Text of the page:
Joint NACAC/Excelencia Study Finds Personalized College Counseling Increases Access for Latino Students
VIRGINIA - College access and success for Latino students improves when counselors work to increase awareness of higher education options and include families in the application process.
Those strategies are among several recommendations highlighted in a report recently released by the National Association of College Admission Counseling (NACAC) and Excelencia in Education.
The publication — “College Counseling for Latino and Underrepresented Students” — includes findings from a national survey, as well information gathered through visits to six U.S. high schools.
Data show that students are more likely to enroll in four-year colleges when high schools prioritize postsecondary admission advising and offer individualized counseling to students and their families.
The strategies, valuable for all demographic groups, were particularly effective in increasing enrollment rates among students at majority non-white schools, according to the study.
“This report shows that as student demographics change, the ways we help students research and apply to colleges must also change,” said Joyce Smith, NACAC’s chief executive officer. “College admission counselors play a critical role in opening up the doors of higher education, particularly for first-generation students.”
Latino students account for nearly a quarter of all U.S. K-12 students. They are more likely than their white peers to be the first in their families to attend college, making frequent and personalized counseling sessions critically important, according to the study.
“College counselors who are knowledgeable about the strengths and needs of Latino students and who are intentional in reaching out to Latinos in their strategies, make a big difference,” said Deborah Santiago, Excelencia in Education’s chief operating officer and vice president for policy. “We hope this report helps inform and compel further action to include Latino students in the important work counselors do every day.”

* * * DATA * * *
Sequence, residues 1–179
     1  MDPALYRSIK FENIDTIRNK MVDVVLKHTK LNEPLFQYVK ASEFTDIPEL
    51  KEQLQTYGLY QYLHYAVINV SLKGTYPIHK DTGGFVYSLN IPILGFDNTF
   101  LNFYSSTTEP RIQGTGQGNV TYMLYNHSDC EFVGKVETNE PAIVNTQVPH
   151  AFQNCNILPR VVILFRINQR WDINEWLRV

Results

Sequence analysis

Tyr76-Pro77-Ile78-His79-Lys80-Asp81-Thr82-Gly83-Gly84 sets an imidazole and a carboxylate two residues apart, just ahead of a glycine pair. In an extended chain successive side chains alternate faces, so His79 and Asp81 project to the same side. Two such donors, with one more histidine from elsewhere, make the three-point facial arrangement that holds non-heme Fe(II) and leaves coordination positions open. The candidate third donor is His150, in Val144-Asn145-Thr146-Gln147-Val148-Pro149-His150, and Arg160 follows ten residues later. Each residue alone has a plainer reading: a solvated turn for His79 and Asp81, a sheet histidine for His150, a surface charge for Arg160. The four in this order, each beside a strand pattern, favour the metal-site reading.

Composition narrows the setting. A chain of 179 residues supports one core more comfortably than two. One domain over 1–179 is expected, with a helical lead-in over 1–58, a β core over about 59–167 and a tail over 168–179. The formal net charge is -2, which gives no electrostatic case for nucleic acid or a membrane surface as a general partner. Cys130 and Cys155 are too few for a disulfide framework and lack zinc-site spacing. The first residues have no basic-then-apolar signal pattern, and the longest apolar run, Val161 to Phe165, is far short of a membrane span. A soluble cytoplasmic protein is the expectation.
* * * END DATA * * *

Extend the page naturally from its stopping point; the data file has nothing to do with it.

In addition, the study recommends that high school staff working with Latino students:
§ Start early: Begin the college planning process in ninth grade to allow time for students and families to factor in academic, financial and family considerations on the path to college.
§ Develop cultural fluency: Outreach efforts are most effective when counselors are familiar with Hispanic culture. Written materials about college preparation and admission should be offered in both English and Spanish.
§ Offer comprehensive financial aid counseling: Latino families often encounter hurdles — including language barriers, poverty and immigration status — that can negatively impact their children’s access to higher education. Given those challenges, providing in-depth financial aid counseling is especially important.
§ Invest in counselors: Sufficient resources are needed to hire, train and equip school counselors to serve Latino students in pursuit of college access and success.
NACAC is an Arlington, Virginia-based education association of more than 14,000 primary and secondary school counselors, independent counselors, college admission and financial aid officers, enrollment managers, and organizations that work with students as they make the transition from high school to postsecondary education. Founded in 1937, the association is committed to maintaining high standards that foster ethical and social responsibility among those involved in the transition process, as outlined in the NACAC Statement of Principles of Good Practice. For more information, visit www.nacacnet.org.
About Excelencia in Education
Excelencia in Education accelerates Latino student success in higher education by promoting Latino student achievement, conducting analysis to inform educational policies, and advancing institutional practices while collaborating with those committed and ready to meet the mission. Launched in 2004 in the nation’s capital, Excelencia is building a network of results-oriented educators and policymakers to address the U.S. economy’s need for a highly educated workforce and engaged civic leadership. For more information, visit: www.EdExcelencia.org.